Royal Bank of Scotland (RBS) has been accused by the City watchdog of “systematic” failings at its Global Restructuring Group (GRG) which led to mistreatment of thousands of small business customers.
The Financial Conduct Authority (FCA) yesterday released key findings from a two-year review of the GRG, which examined 207 cases over a six-year period.
RBS confirmed it was setting aside £400million to compensate customers and launch a new complaints systems relating to “complex” fees and dealings with its debt restructuring unit between 2008 and 2013.
The bank’s announcement was dismissed by a former north hotelier, who claims he was forced into bankruptcy by the RBS as an “insult to the majority of businesses financially crippled or ruined” by the bank.” Another Scottish customer who said he lost his businesses at the hands of the GRG claimed the FCA report was a “whitewash.”
The FCA was also forced to launch an investigation after “market sensitive” news of RBS compensation scheme was leaked on Monday evening, ahead of yesterday’s planned announcement.
The watchdog’s report stopped short of confirming allegations that RBS intentionally pushed businesses towards failure in the hope of picking up their assets on the cheap.
As many as 4,000 of 12,000 customers transferred to the GRG between 2008 and 2013 are believed to be eligible for compensation under the measures announce by the bank.
In a statement, RBS said: “As the bank has acknowledged, in some areas it could have done better for SME customers in GRG.
“Specifically, the bank could have managed the transition to GRG better and should have explained to customers any changes to the prices or complex fees it was charging.
“The bank accepts that it did not always communicate as well or as clearly as it should have done. The bank also did not always handle customer complaints well.”
The £400million provision will be included in RBS’ fourth-quarter results.
The bank’s chief executive Ross McEwen said the figure could rise, depending on the level and outcome of related complaints.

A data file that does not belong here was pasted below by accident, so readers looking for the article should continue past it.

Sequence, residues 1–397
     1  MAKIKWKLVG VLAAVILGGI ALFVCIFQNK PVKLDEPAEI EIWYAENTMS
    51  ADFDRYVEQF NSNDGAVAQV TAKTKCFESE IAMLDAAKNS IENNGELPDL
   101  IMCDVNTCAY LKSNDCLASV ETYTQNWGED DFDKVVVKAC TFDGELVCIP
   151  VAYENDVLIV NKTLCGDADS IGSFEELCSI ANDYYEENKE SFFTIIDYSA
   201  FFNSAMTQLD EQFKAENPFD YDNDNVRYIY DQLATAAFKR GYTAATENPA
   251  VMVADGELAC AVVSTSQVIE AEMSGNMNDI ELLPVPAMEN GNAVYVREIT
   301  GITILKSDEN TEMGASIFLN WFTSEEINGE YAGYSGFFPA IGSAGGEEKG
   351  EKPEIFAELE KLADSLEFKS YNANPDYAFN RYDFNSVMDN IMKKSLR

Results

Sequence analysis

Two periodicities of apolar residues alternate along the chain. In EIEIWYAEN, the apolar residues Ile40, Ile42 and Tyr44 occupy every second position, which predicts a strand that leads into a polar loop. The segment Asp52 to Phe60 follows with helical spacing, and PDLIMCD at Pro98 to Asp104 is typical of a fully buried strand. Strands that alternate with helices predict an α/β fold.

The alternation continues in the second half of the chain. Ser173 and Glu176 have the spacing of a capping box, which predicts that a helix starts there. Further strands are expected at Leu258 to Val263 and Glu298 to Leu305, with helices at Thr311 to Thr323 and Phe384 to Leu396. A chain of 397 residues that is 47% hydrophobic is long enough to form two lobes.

Mr McEwan added: “We have acknowledged for some time that mistakes were made.
“Some of our customers went through what was a traumatic and painful experience as a result of the crisis.
“I am very sorry that we did not provide the level of service and understanding we should have done.”
Former Aberdeen businessman and Skye hotelier Nigel Henderson said the bank’s mistreatment stretches further back than 2008.
He says he was driven into bankruptcy by an RBS restructuring unit that predated GRC, losing his house, boat and Potree hotel after switching banks in the late 1990s, despite multiple attempts to repay the money owned.
Mr Henderson said: “It is clear that RBS were acting in a cavalier manner long before 2008.
“Having seen the synopsis of the FCA report… one of the very interesting points is that on RBS’ own admission they said a third of businesses that were put into GRG were heading for insolvency anyway.
“That means two thirds were viable businesses.”
Stuart McCreadie, of Glasgow, who said he lost his music business after being referred to GRG, despite never having fallen into financial difficulty, said: “The FCA report seems to be utter whitewash.”
Janine Alexander, a partner in law firm Collyer Bristow’s Banking and Financial Disputes group, said: “It is quite clear that this is by no means over.
“The compensation scheme as outlined today by RBS and sanctioned by the FCA does not go far enough in providing those that have suffered as a result of RBS’s actions with a framework for compensation.”
FCA chief executive Andrew Bailey told the Treasury Select Committee he was “disappointed” news of the scheme appeared on Monday evening, well ahead of the formal market announcement at 7am yesterday.
He said: “It is more than disappointing, frankly. We do regard this as market sensitive information.”
The FCA is still in the process of reviewing the GRG.